Omnidirectional Antenna, Ranger Block III
- Hughes Aircraft Corp.
- Omnidirectional antennas were a staple of NASA’s early planetary exploration craft. Early Ranger (Blocks I through III), Mariner, and lunar-orbiting spacecraft all featured omnidirectional antenna at their apexes. For Ranger, most of the antenna remained covered, with only the very tip protruding from a conical encasing. Mariner featured longer antennas which for some missions, were encased behind grating or in a conic cover. This antenna was used on a lunar orbiter, which photographed the moon in the late 1960s to select landing sites for a human landing mission. Made mostly from aluminum, the antenna protruded directly from the side of the spacecraft. The lunar orbiters featured two antennae: high-gain with singular directional patterns, and low-gain which was omnidirectional.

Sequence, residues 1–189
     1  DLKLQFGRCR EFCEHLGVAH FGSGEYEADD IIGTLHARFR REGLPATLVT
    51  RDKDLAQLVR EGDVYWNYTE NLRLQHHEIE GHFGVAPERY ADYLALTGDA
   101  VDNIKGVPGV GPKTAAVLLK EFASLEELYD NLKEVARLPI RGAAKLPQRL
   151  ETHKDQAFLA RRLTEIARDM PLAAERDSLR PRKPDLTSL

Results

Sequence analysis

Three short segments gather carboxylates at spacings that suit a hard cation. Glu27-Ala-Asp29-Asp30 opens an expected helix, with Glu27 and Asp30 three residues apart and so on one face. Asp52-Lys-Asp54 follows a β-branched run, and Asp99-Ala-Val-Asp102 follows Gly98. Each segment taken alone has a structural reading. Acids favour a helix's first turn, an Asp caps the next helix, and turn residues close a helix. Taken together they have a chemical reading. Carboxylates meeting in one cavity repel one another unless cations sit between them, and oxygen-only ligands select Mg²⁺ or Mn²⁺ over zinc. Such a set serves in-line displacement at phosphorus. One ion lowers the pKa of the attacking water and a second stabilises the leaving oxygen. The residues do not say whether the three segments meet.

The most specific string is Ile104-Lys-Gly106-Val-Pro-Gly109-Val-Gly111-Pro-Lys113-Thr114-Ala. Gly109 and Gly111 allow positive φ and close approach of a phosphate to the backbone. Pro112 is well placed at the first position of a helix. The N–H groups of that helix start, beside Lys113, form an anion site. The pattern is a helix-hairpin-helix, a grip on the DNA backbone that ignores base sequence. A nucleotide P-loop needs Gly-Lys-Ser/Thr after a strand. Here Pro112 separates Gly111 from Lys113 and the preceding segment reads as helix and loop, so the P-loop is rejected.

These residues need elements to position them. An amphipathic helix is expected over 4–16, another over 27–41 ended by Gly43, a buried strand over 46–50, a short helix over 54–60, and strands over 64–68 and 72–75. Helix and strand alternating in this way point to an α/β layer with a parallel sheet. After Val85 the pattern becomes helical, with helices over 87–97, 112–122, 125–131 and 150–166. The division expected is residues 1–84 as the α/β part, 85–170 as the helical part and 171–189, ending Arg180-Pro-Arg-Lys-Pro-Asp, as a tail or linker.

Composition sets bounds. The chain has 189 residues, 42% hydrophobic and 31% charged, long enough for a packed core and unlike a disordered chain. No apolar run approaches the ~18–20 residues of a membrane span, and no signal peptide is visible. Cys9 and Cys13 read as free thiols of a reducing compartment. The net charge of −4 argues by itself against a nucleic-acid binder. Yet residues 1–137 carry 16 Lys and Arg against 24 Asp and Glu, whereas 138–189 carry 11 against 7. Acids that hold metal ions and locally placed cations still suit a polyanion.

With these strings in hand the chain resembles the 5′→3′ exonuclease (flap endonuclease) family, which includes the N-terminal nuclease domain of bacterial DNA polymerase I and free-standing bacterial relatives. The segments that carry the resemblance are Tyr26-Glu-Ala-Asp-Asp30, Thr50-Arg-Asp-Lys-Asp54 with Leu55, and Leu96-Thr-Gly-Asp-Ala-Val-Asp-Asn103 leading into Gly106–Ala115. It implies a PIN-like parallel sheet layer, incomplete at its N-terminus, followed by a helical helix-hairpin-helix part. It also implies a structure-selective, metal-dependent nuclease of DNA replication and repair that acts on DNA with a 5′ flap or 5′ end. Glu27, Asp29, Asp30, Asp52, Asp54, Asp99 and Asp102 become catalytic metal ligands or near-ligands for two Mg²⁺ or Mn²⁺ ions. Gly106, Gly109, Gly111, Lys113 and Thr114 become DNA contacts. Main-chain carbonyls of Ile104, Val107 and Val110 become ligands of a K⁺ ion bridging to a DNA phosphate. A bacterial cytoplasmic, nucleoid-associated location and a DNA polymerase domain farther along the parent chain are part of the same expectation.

- Hughes Aircraft, the manufacturer of this antenna, donated it to the Museum in 1973.
- Credit Line
- Gift of Huges Aircraft Company
- Inventory Number
- Restrictions & Rights
- Usage conditions apply
- EQUIPMENT-Aerials & Antenna
- Aluminum, Paint, Plastic, Paper, Synthetic Fabric, Brass, Gold Plating, Mineral (Glass) Fabric, Phenolic Resin
- Storage (Rehoused on aluminum pallet with three additional objects): 153.7 × 179.1 × 104.1cm, 222.3kg (60 1/2 × 70 1/2 × 41 in., 490lb.)
- Country of Origin
- United States of America
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- National Air and Space Museum Collection
- National Air and Space Museum
- Record ID
- Usage of Metadata (Object Detail Text)
- Not determined
- GUID (Link to Original Record)